Date: January 1, 2008
Creator: Havlacek, William
Partner: UNT Libraries Government Documents Department

Testing of constitutive models in LAME.

Description: Constitutive models for computational solid mechanics codes are in LAME--the Library of Advanced Materials for Engineering. These models describe complex material behavior and are used in our finite deformation solid mechanics codes. To ensure the correct implementation of these models, regression tests have been created for constitutive models in LAME. A selection of these tests is documented here. Constitutive models are an important part of any solid mechanics code. If an analysis code is meant to provide accurate results, the constitutive models that describe the material behavior need to be implemented correctly. Ensuring the correct implementation of constitutive models is the goal of a testing procedure that is used with the Library of Advanced Materials for Engineering (LAME) (see [1] and [2]). A test suite for constitutive models can serve three purposes. First, the test problems provide the constitutive model developer a means to test the model implementation. This is an activity that is always done by any responsible constitutive model developer. Retaining the test problem in a repository where the problem can be run periodically is an excellent means of ensuring that the model continues to behave correctly. A second purpose of a test suite for constitutive models is that it gives application code developers confidence that the constitutive models work correctly. This is extremely important since any analyst that uses an application code for an engineering analysis will associate a constitutive model in LAME with the application code, not LAME. Therefore, ensuring the correct implementation of constitutive models is essential for application code teams. A third purpose of a constitutive model test suite is that it provides analysts with example problems that they can look at to understand the behavior of a specific model. Since the choice of a constitutive model, and the properties that are used in ...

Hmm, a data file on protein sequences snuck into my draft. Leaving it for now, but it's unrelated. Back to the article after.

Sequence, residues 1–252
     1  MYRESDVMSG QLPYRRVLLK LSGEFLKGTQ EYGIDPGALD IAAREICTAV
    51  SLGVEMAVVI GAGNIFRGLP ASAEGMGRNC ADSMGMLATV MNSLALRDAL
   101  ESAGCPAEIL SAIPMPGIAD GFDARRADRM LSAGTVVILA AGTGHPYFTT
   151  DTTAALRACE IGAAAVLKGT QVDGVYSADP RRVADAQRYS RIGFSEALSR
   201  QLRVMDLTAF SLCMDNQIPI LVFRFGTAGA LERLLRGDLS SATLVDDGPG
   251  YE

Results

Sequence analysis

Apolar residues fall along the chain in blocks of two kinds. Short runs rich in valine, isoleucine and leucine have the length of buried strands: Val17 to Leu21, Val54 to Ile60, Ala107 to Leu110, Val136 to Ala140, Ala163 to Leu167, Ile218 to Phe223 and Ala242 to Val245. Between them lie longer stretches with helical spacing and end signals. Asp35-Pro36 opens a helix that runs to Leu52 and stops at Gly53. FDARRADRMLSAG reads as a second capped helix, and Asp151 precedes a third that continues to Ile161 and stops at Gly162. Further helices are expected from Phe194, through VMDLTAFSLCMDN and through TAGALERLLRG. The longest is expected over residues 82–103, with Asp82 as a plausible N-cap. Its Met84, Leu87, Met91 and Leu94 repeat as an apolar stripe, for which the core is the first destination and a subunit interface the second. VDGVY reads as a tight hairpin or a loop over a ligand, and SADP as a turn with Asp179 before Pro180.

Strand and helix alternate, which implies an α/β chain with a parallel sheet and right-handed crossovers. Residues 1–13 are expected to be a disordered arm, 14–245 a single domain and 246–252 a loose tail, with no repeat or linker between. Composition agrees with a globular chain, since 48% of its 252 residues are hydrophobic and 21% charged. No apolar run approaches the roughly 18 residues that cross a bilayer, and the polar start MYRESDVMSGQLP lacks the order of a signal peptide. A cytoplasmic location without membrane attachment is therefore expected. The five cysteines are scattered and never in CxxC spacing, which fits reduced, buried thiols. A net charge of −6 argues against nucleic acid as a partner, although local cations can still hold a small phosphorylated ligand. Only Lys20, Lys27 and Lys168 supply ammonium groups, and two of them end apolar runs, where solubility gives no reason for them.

Date: September 1, 2007
Creator: Hammerand, Daniel Carl & Scherzinger, William Mark
Partner: UNT Libraries Government Documents Department

Burner Stabilized Flames in Fluids

Description: In this report it is shown that a burner placed in a combustible fluid can have a stabilizing effect on a plane flame. A mathematical model is derived in which the flame is modeled as a surface of discontinuity in the flow field. Jump conditions for the fluid variables, as well as an expression for the flame speed, are obtained from an asymptotic analysis of the detailed structure of the flame. The model is applied to investigate the linear stability of a plane flame. Stable behavior is shown to exist for certain regimes of the parameters: Lewis number, burner strength, heat release and inflow velocity.
Date: July 1984
Creator: Kaper, H. G.; Leaf, Gary K.; Matalon, Moshe & Matkowsky, Bernard J.
Partner: UNT Libraries Government Documents Department

Reference Flat Pulse Generator

Description: Introduction: A reference step-like pulse generator is described which has been developed at NBS. This generator can be used for accurately characterizing the step response of various kinds of trap ient recording equipment (oscilloscopes, waveform recorders, transient digitizers, etc.). Basic design principles are given as well as complete circuit diagrams and descriptions. An analysis of the output stage of the generator is presented together with the circuit models for developing a time-domain computer simulation program using extended- SCEPTRE. Preliminary specifications indicate that the NBS Reference Flat Pulse Generator provides a negative-going reference transition duration (90 to 10 percent) of 600 ps, *20 percent with baseline perturbations of less than *2 percent for less than 5 ns.
Date: October 1983
Creator: Andrews, J. R.; Bell, B. A. & Baldwin, E. E.
Partner: UNT Libraries Government Documents Department